Retired. Formerly Fellow and Tutor in Law at Wadham and St Edmund Hall
Jeffrey Hackney has been a member of the Faculty since 1964, first as Fellow and Tutor in Law at St Edmund Hall and then at Wadham College. His teaching and research interests are in property law and legal history. His present preoccupation is with the extent to which it can be said that the common law is different from the civilian systems on the mainland of Europe. In particular with whether modern attempts at classifying the common law are based on defective models borrowed in the nineteenth century from roman law. He has been a visiting professor at a number of North American universities and for fifteen years, in association with the National Judicial College, organised continuing education conferences in Oxford for visiting American judges. He spent a large part of the early 1990s in University adminstration, chairing amongst other things the Libraries Board and the General Board of the Faculties. His present university tasks include the chairmanship of the University's Disciplinary Court. He was previously a founder-director of the New Law Publishing Company which pioneered same-day reporting of judicial decisions in the superior courts in property and commercial law.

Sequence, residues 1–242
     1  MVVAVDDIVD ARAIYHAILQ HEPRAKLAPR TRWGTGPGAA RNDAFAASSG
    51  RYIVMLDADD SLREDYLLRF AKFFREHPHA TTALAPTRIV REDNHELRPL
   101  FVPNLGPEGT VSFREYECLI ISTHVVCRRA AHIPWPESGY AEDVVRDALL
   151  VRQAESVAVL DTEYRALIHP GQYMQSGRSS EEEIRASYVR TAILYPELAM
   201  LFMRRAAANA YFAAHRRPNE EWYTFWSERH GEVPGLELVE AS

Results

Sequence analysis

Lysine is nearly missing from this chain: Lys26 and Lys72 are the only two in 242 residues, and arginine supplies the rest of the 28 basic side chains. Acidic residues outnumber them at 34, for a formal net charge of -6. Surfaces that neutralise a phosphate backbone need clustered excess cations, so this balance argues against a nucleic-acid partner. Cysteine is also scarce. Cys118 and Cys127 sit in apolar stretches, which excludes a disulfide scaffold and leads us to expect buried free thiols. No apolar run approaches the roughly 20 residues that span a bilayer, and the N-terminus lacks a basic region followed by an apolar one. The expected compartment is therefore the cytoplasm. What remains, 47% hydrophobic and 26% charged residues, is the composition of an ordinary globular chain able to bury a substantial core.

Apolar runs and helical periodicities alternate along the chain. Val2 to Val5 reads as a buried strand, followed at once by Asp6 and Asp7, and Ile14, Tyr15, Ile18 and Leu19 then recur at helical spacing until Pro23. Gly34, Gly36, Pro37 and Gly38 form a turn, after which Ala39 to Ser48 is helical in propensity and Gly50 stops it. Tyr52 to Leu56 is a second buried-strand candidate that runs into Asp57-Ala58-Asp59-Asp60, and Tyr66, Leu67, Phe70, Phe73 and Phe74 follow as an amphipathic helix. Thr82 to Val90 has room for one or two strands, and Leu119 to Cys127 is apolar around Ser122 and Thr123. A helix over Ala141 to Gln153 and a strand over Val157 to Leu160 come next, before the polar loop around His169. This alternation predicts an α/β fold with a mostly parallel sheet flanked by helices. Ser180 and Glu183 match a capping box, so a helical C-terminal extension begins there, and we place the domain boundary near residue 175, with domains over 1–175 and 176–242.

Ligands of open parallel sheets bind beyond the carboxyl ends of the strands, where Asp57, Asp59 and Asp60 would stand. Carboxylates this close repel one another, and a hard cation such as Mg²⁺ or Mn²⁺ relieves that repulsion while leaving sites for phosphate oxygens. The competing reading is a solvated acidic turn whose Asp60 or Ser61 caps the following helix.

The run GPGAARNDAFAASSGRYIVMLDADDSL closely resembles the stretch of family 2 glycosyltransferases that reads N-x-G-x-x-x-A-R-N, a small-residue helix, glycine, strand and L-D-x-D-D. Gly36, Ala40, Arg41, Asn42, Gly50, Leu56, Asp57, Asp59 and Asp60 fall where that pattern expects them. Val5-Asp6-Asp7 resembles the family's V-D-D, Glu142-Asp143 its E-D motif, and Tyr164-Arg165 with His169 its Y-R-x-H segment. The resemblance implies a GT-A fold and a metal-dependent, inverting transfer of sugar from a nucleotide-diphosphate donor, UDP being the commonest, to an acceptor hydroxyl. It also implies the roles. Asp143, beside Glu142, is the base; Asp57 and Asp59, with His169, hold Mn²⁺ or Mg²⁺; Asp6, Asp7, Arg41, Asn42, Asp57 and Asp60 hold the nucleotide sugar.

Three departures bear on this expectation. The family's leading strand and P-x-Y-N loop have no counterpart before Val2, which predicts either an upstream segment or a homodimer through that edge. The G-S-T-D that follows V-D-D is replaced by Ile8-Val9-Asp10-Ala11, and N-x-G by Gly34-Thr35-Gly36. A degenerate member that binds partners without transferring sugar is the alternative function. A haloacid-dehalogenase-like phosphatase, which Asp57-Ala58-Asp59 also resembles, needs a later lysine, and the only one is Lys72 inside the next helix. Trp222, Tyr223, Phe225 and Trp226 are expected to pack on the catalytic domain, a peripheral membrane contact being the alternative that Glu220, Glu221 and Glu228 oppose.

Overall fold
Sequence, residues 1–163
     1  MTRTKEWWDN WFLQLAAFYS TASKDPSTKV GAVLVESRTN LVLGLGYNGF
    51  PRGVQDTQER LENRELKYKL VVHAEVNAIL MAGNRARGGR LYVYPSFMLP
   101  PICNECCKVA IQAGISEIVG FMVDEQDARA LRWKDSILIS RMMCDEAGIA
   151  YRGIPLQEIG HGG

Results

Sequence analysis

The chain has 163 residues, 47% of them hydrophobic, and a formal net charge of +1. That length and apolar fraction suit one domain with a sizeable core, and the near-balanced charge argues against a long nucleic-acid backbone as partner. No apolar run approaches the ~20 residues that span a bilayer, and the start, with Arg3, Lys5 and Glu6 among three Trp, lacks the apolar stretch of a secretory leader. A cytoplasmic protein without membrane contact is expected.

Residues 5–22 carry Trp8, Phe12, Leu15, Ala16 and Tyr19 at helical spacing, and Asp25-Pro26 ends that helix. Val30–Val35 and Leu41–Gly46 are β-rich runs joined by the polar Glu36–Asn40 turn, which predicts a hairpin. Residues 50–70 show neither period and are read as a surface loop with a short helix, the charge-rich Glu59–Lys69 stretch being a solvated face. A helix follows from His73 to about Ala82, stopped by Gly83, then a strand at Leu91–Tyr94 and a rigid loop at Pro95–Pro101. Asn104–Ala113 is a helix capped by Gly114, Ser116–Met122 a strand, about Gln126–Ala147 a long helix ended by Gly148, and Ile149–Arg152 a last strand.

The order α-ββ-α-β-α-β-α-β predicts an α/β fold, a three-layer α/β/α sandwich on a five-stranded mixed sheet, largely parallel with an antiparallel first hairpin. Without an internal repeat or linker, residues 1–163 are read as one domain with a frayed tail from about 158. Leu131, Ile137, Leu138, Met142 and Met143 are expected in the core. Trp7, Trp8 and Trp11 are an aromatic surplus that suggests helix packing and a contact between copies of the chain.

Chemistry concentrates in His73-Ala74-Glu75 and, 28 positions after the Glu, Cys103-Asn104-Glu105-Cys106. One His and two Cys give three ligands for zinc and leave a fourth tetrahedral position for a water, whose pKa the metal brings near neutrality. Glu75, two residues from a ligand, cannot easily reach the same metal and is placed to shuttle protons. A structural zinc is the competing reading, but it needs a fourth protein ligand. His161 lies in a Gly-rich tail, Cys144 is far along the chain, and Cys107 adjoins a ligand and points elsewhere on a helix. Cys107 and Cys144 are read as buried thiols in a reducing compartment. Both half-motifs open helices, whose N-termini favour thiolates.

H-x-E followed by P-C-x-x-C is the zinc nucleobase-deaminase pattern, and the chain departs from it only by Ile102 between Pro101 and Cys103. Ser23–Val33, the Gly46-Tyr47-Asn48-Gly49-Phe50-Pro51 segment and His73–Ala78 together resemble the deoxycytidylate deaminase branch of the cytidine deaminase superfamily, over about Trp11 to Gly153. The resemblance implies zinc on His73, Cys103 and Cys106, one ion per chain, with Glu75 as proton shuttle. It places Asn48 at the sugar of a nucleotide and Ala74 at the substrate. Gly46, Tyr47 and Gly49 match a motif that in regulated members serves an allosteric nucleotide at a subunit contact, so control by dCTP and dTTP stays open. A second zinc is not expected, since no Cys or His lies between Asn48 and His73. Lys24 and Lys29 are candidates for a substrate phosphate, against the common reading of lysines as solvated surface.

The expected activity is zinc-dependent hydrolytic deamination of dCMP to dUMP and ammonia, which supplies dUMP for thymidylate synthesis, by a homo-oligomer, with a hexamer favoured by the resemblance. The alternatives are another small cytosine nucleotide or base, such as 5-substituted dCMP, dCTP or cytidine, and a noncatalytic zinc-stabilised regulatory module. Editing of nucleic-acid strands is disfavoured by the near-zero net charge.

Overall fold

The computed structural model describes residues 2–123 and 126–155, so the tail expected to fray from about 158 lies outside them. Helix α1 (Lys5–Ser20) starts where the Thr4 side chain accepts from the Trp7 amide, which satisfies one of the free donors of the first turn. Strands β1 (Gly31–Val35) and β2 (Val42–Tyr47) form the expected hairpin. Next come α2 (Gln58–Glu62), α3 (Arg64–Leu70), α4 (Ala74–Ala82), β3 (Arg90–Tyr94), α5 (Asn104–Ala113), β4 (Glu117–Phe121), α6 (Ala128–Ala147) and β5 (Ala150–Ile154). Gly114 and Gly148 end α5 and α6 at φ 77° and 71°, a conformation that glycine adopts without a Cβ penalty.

J Hackney, 'Denials Ancient and Modern' in Andrew Burrows and Lord Rodger of Earlsferry (eds), Mapping the Law (Oxford University Press 2006) [...]
A study of the doctrine surrounding denial of title in modern English land and early modern personal property law with an account of the contrasting doctrine in Roman Law
J Hackney, 'Usucapio and the Law of Trusts' in Rationalizing Property, Equity and Trusts Essays in Honour of Edward Burn (LexisNexis UK 2003) [...]
A comparison of classical and common law ways of thinking and in particular their treatment of grants void for informality.
ISBN: 0 406 96440 8
J Hackney, 'Usucapio and the Law of Trusts' in J Getzler (ed), Rationalizing Property, (Butterworths 2003) [...]
A study of classicism in law and the way in which the common law and roman law approached grants void for informality or want of title. It argues that we have misread the roman solution to this problem in a fundamental way. It also argues that institutional limitations were responsible for the differences between the underlying philosophies of roman law and the common law.
ISBN: 0 406 96440 8
J Hackney, 'Submission on Draft Consultation on Public Benefit. Charity Commission' (2007) Law Commission papers [...]
A fundamental challenge to the Charity Commission's assumption that the Charities Act 2006 has allowed it to ignore the pre-existing law on public benefit.
J Hackney, 'Snell's Equity' (2001) 117 Law Quarterly Review [...]
A contribution to the debate about the future of Equity hung on the back of a review of a book review. Much reviled in Australia